Updated 8:27 p.m. ET Wednesday
Prosecutors have announced charges against three individuals, a 17-year-old from Florida and two men, from Florida and Britain, in connection with a hack that hit some of Twitter's most prominent accounts, in the largest and most well-coordinated security breach in the platform's history.
Authorities in Florida say Graham Ivan Clark, 17, of Tampa, Fla., masterminded the attack, allegedly breaking into the accounts of 130 Twitter accounts and duping followers of influential users to transfer more than $100,000 in Bitcoin to accounts associated with Clark. He is charged with 30 felonies in the state, including fraud, identity theft and hacking.
(NPR is naming Clark because he is being charged under Florida state law as an adult.)
In addition, federal prosecutors unsealed wire fraud, money laundering and other charges against Nima Fazeli, 22, of Orlando, Fla. and Mason Sheppard, 19, of Bognor Regis, U.K. They are accused of helping Clark sell access to some of the hacked accounts.
Twitter has said the hackers used a phone "spear phishing attack" to trick Twitter employees to turn over information that gave the attackers access to internal systems.
The Florida prosecutors on Friday added new detail about how exactly the scheme worked: Clark allegedly presented himself as a member of Twitter's IT team to a Twitter employee, and convinced that employee to hand over company credentials, which Clark used to get into the company's customer service portal.
Security protections were overcome and the passwords of some 130 accounts were reset, allowing the hackers to take control of the accounts, officials at Twitter have said.
Clark, who recently graduated from high school, is not an ordinary 17-year-old, said Hillsborough County State Attorney Andrew Warren at a press conference on Friday. "This was a highly sophisticated attack on a magnitude not seen before."
According to the federal charging documents, a user known as Rolex#373, identified by authorities as Fazeli, discussed with another unidentified individual who went by Kirk#5270 on the online messaging platform Discord, plans to break into dozens of Twitter accounts.
They allegedly discussed selling access to the hacked profiles for up to $2,500 for "OG accounts," slang for account names that are highly desirable.
On July 15, the hackers unleashed their havoc.
The accounts of Democratic presidential nominee Joe Biden, Amazon CEO Jeff Bezos, Tesla CEO Elon Musk, former President Barack Obama and others influential users tweeted similar messages that said some version of: in the spirit of generosity, payments of $1,000 sent to an anonymous Bitcoin address will be doubled "for the next 30 minutes."
To many, it was unquestionably a scam. But more than 400 people fell for it, according to federal investigators, who found that 415 transfers were made into the scam account, totaling about $117,000.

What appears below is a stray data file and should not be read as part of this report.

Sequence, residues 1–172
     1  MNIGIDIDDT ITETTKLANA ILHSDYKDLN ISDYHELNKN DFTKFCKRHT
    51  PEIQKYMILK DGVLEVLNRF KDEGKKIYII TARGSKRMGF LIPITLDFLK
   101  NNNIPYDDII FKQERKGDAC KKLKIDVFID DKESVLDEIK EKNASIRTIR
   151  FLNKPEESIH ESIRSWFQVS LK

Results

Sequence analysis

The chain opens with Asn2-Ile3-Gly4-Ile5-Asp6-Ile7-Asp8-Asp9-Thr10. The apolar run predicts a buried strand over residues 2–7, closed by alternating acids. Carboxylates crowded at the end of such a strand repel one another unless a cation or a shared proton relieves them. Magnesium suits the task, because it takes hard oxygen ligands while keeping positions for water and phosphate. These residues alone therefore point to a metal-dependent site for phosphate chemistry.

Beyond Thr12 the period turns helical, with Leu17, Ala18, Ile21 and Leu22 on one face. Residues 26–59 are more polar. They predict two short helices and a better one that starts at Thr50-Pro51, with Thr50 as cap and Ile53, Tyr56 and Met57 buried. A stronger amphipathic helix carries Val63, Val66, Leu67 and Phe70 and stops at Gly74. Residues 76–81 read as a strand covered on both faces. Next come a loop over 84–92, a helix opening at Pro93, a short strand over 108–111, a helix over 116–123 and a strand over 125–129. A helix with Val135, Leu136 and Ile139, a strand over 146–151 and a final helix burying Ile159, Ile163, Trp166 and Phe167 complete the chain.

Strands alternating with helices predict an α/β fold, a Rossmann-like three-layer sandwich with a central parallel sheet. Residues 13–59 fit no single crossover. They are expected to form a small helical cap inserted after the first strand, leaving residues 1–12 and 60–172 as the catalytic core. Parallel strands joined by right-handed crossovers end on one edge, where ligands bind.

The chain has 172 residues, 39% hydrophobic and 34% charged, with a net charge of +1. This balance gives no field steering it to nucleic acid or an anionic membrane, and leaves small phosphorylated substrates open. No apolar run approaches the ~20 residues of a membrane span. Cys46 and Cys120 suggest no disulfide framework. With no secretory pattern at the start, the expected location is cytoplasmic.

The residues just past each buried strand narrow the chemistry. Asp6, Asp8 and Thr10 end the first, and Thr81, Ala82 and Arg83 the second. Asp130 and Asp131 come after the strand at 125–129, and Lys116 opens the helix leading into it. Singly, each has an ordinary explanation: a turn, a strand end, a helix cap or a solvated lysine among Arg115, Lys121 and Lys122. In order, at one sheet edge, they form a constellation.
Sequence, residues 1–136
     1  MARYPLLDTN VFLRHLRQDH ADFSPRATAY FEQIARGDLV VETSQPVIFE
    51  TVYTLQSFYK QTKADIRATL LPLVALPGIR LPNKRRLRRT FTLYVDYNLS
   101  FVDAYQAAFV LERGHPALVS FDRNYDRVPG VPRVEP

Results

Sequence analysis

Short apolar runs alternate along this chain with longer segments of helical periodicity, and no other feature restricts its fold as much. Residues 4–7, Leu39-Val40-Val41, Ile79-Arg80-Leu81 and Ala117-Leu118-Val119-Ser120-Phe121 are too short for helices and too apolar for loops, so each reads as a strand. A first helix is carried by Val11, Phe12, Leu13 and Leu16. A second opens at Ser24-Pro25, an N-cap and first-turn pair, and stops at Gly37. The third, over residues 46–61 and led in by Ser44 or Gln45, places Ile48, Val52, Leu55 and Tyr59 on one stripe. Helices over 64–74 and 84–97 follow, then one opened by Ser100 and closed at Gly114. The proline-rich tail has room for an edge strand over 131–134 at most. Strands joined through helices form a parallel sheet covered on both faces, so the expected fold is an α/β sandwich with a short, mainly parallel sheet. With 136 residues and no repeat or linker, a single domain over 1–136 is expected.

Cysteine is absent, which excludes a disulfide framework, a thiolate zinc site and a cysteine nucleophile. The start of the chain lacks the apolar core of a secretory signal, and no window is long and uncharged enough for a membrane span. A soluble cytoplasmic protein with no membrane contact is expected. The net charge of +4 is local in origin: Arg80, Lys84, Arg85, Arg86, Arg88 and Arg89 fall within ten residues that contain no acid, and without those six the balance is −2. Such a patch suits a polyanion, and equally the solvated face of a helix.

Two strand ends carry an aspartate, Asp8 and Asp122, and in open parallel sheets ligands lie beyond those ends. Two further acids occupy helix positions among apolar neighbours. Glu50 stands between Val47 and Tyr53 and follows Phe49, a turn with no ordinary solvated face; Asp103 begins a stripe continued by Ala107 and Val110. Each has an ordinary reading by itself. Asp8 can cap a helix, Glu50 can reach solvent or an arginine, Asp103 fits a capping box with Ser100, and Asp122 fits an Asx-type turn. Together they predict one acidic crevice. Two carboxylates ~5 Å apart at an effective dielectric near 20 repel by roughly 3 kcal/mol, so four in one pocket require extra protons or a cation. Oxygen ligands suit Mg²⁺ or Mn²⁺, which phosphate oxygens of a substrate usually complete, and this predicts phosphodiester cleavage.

"Clark hacked into the Twitter accounts of famous people and celebrities, but they were not the primary victims. This 'Bit-Con' was designed to defraud money from regular Americans from across the country and here in Florida," Warren said.
U.S. Attorney David Anderson for the Northern District of California, said agents with the IRS analyzed the blockchain technology Bitcoin relies on to de-anonymize the transactions in the scheme, leading to the alleged hackers.
"There is a false belief within the criminal hacker community that attacks like the Twitter hack can be perpetrated anonymously and without consequence," Anderson said.
"Criminal conduct over the Internet may feel stealthy to the people who perpetrate it, but there is nothing stealthy about it. In particular, I want to say to would-be offenders, break the law, and we will find you," Anderson said.
Twitter said in a statement: "We appreciate the swift actions of law enforcement in this investigation and will continue to cooperate as the case progresses."
The attack has exposed vulnerabilities on the platform, which is a major communications channel for news outlets, companies, celebrities and politicians, including President Donald Trump.
The attack targeted 130 Twitter accounts, tweeted from 45 of them, accessed the direct messages of 36 and downloaded data from seven accounts, but Twitter officials say none of the private information downloaded involved a current or former U.S. elected official.
Twitter said it has "significantly limited" access to internal tools and is "improving our methods for detecting and preventing inappropriate access to our internal systems."